Putting lighting aside, I wanted to use this opportunity to celebrate the importance of creativity and Manchester’s vibrant culture and community, in the hope that the project helps inspire members of the public who pass by the building. As with any dynamic media-based design, for me the fundamental aspect of this is the visual content which is used on the system. For 111 Piccadilly we have designed bespoke motion graphics and content, which in my opinion has explored visual techniques for transforming buildings and the way they are viewed using light.
Looking at the interior lighting design scheme we have worked on at Bloc, it has given us the opportunity to push more hospitality driven lighting design techniques, which in a commercial setting has now become more prominent. These types of space are social hubs where interaction, collaboration and socialising happen. We’re building mini communities within these spaces which is so important at every level, from social to physical wellbeing. As a lighting designer, it’s important we look at these places and design schemes which are flexible, provide variation, and respond to how we choose to spend time within them. It's fundamental that we also look to create environments which have the ability to change the atmosphere throughout the day.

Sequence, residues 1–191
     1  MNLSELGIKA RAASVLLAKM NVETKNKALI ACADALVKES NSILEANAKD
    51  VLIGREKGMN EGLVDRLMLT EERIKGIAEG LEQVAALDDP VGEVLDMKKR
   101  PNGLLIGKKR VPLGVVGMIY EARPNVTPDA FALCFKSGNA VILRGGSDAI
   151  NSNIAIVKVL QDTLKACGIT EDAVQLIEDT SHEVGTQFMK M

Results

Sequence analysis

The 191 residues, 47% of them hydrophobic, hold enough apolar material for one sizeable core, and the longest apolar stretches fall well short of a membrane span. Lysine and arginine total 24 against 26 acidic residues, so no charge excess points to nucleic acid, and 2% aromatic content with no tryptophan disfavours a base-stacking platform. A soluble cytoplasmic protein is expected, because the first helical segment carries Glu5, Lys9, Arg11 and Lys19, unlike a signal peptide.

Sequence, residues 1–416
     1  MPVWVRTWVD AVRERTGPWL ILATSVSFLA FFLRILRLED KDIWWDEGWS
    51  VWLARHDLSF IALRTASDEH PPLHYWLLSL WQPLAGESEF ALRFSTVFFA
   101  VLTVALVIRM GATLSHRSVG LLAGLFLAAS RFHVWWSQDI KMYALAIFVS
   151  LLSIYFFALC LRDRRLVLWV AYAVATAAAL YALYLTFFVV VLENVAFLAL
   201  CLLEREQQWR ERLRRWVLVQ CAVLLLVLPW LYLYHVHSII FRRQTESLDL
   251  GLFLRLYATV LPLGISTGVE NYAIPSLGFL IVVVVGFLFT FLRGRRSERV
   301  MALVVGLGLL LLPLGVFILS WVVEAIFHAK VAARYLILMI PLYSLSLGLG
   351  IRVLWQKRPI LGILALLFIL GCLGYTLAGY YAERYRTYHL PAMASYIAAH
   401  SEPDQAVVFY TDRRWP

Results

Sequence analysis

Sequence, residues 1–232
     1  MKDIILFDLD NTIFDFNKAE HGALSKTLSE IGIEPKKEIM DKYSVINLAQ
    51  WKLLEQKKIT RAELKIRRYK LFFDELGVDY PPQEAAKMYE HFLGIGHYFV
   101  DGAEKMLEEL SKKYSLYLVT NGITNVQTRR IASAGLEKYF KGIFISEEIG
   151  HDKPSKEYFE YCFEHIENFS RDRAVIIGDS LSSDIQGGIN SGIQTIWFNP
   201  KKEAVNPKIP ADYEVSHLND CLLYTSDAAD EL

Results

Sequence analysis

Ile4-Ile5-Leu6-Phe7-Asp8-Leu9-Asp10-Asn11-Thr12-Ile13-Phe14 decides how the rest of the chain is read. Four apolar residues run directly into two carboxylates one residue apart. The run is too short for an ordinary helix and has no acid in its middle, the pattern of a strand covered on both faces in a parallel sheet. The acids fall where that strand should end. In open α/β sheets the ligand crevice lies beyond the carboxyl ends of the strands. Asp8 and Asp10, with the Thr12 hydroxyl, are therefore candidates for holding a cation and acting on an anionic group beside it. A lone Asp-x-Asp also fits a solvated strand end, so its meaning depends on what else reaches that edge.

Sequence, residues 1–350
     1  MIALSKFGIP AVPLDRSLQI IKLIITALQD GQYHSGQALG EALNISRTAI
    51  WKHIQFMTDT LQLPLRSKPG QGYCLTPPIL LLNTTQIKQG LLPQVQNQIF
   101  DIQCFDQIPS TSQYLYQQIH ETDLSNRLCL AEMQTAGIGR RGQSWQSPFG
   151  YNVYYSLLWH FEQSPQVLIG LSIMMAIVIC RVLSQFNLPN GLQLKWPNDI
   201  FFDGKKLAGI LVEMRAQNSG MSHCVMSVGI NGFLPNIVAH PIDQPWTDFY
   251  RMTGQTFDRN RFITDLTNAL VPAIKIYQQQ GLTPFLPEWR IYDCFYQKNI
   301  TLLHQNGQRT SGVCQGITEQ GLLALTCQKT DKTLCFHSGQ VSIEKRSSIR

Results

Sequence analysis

Bloc, which will launch in Spring 2021, will be an amazing collaborative space which will have the capability of transitioning from day to night with dynamic scene setting lighting, and then also flipping it on its head by creating saturated coloured wash schemes for events, giving the building a whole new character. Externally we have designed a scheme which I can't wait to come to fruition!